In recent years, legal matters concerning pets have gained more attention from the press as celebrities engage in highly publicized custody battles over their furry children. The late Hugh Hefner was featured on the cover of National Geographic after winning custody of the Cavalier King Charles Spaniel he shared with Chrissy Harris during the couple’s brief split, becoming one of many celebrities to fight for the right to keep a family pet after a break up. After working hard to obtain custody of a pet, it is important to make plans for the care of that pet in the event that your pet outlives you. Including a pet in an estate plan is not difficult if you have the assistance of an estate planning attorney who understands your needs.

Name a Pet Guardian

A person or organization should be named as the guardian of your pet. The person you choose should be someone you trust to follow your instructions and provide your pet with the quality of care you desire. Make sure you discuss your choice with the guardian you prefer prior to naming them and consider the preferences of other family members or friends. Naming a guardian who has a close relationship with your pet or who is good with animals is often a better choice than a person who has had limited interaction with pets. Use your best judgment when choosing and naming a guardian for your pet.

Provide Funds for Care

Leaving funds for the care of your pet is not mandatory, but it is a good idea especially if the person you have named as guardian has had financial troubles in the past. Designating funds for the care of your pet helps to ensure that they receive the quality of care that you yourself would have provided. The funds you leave can be provided in the form of a pet trust, a percentage of an insurance policy, or in a specific bank account. In addition to funds that will be used to pay for the pet’s medical care, food, and basic care remember to include money to pay for the named guardian or other family members to travel to retrieve the pet if they live in a different state.

Write Detailed Instructions

Just like any other aspect of estate planning, the instructions you would like to be followed should be carefully documented. Recording all preferences, no matter how inconsequential they may seem, will help prevent disagreements or confusion in the future. Information such as medical care preferences, wishes regarding keeping pets together, and transitional guardians should all be included in your estate plan along with a description of the pet itself. The more details you provide, the easier it will be for your beneficiaries and those named to care for your pet to carry out your instructions.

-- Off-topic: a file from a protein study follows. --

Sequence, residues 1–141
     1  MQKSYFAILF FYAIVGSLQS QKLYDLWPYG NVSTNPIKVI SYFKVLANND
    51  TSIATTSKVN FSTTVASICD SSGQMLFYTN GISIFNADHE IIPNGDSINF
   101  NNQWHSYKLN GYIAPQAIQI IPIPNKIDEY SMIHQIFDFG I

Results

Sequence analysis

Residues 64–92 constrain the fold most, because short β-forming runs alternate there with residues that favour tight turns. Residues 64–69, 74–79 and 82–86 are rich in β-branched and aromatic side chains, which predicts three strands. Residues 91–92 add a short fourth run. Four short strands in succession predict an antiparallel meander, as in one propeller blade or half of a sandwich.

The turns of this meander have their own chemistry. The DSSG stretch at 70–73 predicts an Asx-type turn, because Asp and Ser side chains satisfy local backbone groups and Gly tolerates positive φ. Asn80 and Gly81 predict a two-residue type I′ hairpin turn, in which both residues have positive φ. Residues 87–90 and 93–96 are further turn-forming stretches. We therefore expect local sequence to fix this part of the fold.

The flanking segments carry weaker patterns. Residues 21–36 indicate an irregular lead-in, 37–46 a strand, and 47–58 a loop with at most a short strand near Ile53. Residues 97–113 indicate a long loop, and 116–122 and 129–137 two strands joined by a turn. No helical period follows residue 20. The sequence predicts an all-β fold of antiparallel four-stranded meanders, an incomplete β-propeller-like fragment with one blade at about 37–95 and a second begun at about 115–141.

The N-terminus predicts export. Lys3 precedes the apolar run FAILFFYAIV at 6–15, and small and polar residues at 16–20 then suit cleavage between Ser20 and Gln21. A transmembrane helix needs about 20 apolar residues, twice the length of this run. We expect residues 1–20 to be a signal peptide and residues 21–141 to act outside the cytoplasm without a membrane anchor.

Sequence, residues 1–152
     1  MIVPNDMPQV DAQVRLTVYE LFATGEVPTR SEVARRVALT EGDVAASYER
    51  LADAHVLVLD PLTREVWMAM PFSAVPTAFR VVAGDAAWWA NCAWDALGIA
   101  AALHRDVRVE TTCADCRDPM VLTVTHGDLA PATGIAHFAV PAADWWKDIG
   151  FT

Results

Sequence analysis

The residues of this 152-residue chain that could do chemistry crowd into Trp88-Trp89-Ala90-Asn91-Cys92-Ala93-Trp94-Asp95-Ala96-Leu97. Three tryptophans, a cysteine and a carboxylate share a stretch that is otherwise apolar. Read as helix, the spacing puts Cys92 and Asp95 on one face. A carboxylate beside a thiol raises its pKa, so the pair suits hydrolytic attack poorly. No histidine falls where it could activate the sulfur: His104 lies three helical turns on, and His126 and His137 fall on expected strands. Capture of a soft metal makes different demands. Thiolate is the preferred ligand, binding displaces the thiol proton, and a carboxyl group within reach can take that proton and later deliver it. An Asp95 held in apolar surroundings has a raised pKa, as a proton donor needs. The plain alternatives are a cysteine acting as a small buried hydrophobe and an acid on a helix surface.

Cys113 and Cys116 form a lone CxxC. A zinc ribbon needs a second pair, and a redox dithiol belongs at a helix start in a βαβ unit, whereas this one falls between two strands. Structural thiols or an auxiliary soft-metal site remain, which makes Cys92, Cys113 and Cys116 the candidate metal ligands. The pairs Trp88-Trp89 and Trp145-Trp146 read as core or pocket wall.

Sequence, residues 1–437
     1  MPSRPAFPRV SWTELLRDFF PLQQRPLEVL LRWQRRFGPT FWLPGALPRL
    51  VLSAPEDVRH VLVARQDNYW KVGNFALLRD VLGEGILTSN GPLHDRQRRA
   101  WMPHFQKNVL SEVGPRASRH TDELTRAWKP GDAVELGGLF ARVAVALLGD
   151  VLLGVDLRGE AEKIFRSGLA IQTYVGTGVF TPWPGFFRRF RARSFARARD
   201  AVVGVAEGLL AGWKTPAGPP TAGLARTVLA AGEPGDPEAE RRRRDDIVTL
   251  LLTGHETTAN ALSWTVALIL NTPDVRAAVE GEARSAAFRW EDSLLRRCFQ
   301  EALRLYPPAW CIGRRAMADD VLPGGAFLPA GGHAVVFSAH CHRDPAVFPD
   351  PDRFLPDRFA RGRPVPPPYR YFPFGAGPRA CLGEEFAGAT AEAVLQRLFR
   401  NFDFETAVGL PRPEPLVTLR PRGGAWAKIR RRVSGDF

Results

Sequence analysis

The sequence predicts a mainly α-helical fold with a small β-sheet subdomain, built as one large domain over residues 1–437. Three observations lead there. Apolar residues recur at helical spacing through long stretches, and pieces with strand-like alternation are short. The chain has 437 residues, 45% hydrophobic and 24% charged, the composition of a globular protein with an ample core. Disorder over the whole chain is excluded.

Talk to an Attorney

If you or someone close to you is interested in updating an estate plan to include a loved family pet, speaking to an estate planning attorney is always recommended. An attorney can review your existing estate plan, or help you create a new one that accommodates your pet without impacting other aspects of your will. The team at MMZ Law understands how important it is to plan for all eventualities, and we will work with you to make sure that you have peace of mind knowing your loved ones are all cared for. Contact us today to schedule a consultation at our Claremont, California location so that we can begin discussing your needs.



341 W. 1st St. Suite 100
Claremont, CA 91711

MARIVEL M. ZIALCITA is the founder of MMZ LAW, A Professional Corporation, where she practices in the areas of Elder Law – Medi-Cal Planning Asset Protection, Trust & Estate, Special Needs, Conservatorship, Trust Administration, & Probate. Ms. Zialcita is a frequent speaker on trust and estate matters and holds memberships in the State Bar of California, Trust and Estate Section, The San Bernardino County Bar Association, Wealth Counsel and Elder Counsel. She currently assists in the pro bono legal services program at the James L. Brulte Senior Center in Rancho Cucamonga, California. She is based in Claremont but assists clients throughout Southern California.

This information is educational information only and not legal advice.